I was booked for a scan a few days later and sent on my way.

During the ultrasound, the sonographer told me I had hydramnios and my baby weighed around 9 pounds, which was a huge shock.

She ended up weighing 10 pounds 11 ounces – four weeks earlier! But I will come back to this later.

As a result of the scan, it was suggested that my symptoms could be due to gestational diabetes, so I was booked on Thursday August 20, 2020 to have a blood test to determine if this was the case or not. .

At this point, I was 36 weeks pregnant.



The night before Minnie left the neonatal unit

I had the blood test and was awaiting the results when asked to do a urine test.

The results showed that I had protein in my urine (proteinuria), which is a common sign of preeclampsia.

Due to my hydramnios and size, I signed a consent form to have a Cesarean on the following Monday or Tuesday – but had no idea it wouldn’t.

I was kept for surveillance, and while I was lying on a bed with a machine attached to me to monitor the baby’s heart rate, a group of doctors entered the room to ask me about my symptoms.

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They quickly informed me that I had pre-eclampsia and that they would need to have a cesarean in a few hours – not in a few days as I initially thought.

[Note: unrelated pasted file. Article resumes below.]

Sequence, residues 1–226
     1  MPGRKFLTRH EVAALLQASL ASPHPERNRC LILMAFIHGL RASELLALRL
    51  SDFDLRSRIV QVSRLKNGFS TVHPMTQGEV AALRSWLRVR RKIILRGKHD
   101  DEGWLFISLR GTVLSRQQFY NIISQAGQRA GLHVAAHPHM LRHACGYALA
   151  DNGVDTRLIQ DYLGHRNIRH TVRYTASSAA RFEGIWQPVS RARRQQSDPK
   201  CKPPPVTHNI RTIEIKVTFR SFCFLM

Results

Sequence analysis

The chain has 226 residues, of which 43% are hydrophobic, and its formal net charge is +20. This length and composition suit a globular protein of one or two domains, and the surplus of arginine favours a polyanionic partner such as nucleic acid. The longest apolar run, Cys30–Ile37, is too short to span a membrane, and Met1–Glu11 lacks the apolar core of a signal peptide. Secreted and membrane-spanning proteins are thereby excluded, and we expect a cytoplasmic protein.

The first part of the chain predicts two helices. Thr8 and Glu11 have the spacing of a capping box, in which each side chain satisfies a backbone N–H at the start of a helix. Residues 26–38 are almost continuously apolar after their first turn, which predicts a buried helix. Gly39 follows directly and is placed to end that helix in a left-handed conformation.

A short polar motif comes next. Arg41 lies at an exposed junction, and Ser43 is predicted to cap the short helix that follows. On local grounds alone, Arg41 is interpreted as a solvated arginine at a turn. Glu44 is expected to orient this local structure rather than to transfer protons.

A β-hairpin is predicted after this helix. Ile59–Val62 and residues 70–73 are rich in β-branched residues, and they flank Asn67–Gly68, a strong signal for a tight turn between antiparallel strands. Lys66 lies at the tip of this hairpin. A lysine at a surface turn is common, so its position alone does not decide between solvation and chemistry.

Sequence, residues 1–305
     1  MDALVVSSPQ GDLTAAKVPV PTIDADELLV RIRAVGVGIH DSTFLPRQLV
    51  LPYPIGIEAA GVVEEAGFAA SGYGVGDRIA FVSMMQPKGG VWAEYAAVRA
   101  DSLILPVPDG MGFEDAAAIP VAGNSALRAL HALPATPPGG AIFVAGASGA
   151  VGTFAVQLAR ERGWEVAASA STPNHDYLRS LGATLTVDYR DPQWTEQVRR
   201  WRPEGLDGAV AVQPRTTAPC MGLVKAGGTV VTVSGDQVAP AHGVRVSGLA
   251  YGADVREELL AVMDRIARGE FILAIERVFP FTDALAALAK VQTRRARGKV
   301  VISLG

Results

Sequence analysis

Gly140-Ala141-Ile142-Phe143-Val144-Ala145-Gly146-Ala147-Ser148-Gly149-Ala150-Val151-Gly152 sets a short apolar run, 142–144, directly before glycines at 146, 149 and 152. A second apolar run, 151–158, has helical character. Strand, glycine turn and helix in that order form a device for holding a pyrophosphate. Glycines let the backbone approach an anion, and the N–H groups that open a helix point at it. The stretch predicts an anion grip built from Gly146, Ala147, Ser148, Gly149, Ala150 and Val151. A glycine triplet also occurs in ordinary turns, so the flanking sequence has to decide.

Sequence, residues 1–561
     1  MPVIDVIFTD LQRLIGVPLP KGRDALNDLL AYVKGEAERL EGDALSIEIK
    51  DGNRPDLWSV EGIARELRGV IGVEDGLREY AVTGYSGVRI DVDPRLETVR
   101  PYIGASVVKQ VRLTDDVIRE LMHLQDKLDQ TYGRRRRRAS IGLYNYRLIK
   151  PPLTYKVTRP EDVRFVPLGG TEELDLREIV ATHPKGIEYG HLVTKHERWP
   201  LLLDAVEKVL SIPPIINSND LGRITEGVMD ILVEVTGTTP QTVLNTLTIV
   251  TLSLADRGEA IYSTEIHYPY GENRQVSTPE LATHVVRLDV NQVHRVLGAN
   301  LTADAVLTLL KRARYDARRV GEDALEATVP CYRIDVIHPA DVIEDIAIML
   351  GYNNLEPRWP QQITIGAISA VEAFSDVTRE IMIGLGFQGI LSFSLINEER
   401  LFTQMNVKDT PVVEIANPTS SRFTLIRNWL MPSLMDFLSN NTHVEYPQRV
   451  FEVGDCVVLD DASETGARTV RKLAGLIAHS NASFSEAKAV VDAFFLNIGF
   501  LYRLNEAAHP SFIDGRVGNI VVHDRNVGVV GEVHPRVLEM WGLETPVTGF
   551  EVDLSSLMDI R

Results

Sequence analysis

Soon me and my gigantic bump were dressed and taken to the theater.

Having the numbing injection behind my back was honestly one of the strangest and scariest experiences ever, but the theater staff were so kind and reassuring and really helped calm me down.

Almost 18 months later, and that day is still so fuzzy.

Minnie Beatrice was born on the evening of August 20, 2020, four weeks premature and weighing a whopping 10 pounds 11 ounces.

I remember the staff’s eyes widening as they weighed her on the scale. I know some babies can weigh up to 14 pounds, but I think for most of them this was the biggest newborn they had ever met.



Ready to go home!

Aside from her impressive birth weight, Minnie had mild breathing problems when she was born.

I was unable to hold her as she was taken directly to the neonatal unit and I was brought back to the ward with my mother to recover from my operation. Being apart from her when I had just had her was a horrible feeling.